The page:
From the very beginning, the Ludwig Collection has been a collective achievement of both Irene and Peter Ludwig. It comprises thousands of art objects. The collection includes individual works of art of the highest quality and, in addition, focuses on coherent work groups. It reflects a wide scope of art, including Greek antiquities - a selection of which had been put on display for the first time in Kassel in 1968 - Medieval art, works from the Baroque and Rococo periods, Pre-Columbian works, art from Africa, China and India and, finally, contemporary art, including an exceptional collection of American Pop Art and works by Pablo Picasso. The collection also encompasses decorative arts, including faïence, ceramic tiles, porcelain, islamic ceramics, furniture and applied art, the first acquisitions of which had been made by Irene and Peter Ludwig while they were still students. The early interests of the Ludwigs were focused on Pre-Columbian art and art from non-European cultures. As a result of these activities, the Rautenstrauch Joest Museum of Ethnology in Cologne received as long-term loans supreme examples of Pre-Columbian art and issued significant publications on these holdings in the early 1970s.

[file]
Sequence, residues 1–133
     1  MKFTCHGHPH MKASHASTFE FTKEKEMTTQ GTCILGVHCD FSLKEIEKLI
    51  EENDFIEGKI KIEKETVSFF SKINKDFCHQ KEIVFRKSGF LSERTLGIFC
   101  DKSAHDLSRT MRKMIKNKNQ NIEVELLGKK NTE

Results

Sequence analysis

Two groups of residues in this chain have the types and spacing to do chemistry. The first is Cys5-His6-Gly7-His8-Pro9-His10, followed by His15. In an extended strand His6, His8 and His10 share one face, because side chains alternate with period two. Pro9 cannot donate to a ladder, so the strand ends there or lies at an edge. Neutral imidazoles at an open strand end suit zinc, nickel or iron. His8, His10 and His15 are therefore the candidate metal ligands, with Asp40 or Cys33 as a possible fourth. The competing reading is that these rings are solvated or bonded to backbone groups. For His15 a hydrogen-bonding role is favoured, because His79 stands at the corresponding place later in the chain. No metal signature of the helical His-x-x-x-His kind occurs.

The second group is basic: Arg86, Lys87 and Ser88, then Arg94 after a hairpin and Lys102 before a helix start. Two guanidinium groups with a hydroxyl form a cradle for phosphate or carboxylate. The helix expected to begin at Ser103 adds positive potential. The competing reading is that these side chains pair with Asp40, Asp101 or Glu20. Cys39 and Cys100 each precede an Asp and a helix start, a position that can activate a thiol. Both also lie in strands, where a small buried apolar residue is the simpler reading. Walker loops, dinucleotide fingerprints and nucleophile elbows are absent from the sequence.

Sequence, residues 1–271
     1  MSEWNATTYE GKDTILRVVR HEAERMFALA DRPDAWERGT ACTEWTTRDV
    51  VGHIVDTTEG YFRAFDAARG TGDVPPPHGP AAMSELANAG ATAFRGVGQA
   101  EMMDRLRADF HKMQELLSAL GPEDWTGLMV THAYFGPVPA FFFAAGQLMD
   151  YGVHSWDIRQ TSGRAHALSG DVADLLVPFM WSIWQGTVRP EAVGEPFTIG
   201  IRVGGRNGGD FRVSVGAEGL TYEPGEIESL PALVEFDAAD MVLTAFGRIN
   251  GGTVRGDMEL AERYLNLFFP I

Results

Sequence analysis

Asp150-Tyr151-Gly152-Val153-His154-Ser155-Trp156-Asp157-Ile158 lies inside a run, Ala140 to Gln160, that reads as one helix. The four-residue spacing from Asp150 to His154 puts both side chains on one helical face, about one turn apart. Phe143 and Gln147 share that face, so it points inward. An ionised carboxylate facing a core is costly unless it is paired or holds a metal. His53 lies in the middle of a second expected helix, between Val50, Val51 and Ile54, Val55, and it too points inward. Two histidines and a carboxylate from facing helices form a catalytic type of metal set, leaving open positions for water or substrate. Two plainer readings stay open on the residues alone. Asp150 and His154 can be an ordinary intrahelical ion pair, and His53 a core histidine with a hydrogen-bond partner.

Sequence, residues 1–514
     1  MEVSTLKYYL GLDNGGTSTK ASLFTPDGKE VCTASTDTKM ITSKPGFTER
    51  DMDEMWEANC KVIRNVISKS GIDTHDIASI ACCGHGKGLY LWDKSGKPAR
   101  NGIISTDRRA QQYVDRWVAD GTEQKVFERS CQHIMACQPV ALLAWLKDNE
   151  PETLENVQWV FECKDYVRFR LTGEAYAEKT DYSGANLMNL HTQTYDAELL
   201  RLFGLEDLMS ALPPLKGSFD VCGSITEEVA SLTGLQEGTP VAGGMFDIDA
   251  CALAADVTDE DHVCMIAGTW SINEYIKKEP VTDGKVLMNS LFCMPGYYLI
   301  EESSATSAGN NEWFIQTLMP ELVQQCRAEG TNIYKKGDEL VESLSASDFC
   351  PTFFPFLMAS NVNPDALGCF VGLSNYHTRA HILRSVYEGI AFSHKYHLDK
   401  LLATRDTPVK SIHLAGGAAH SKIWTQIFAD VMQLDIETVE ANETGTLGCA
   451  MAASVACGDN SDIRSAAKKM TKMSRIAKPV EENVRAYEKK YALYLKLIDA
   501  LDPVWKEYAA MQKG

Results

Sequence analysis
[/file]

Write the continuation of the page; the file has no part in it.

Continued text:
It was in 1957 that Irene and Peter Ludwig began concentrating on collecting for the public in order to fill gaps in existing museum holdings. 1957 marks the beginning of a long-term commitment favouring numerous museums in Germany and abroad. In that same year, the Suermondt Museum in Aachen and the Schnütgen Museum in Cologne were the first two museums to benefit from the Ludwigs' generosity: both institutions feature Medieval art and obtained a number of the finest treasures from the Ludwig Collection as permanent loans.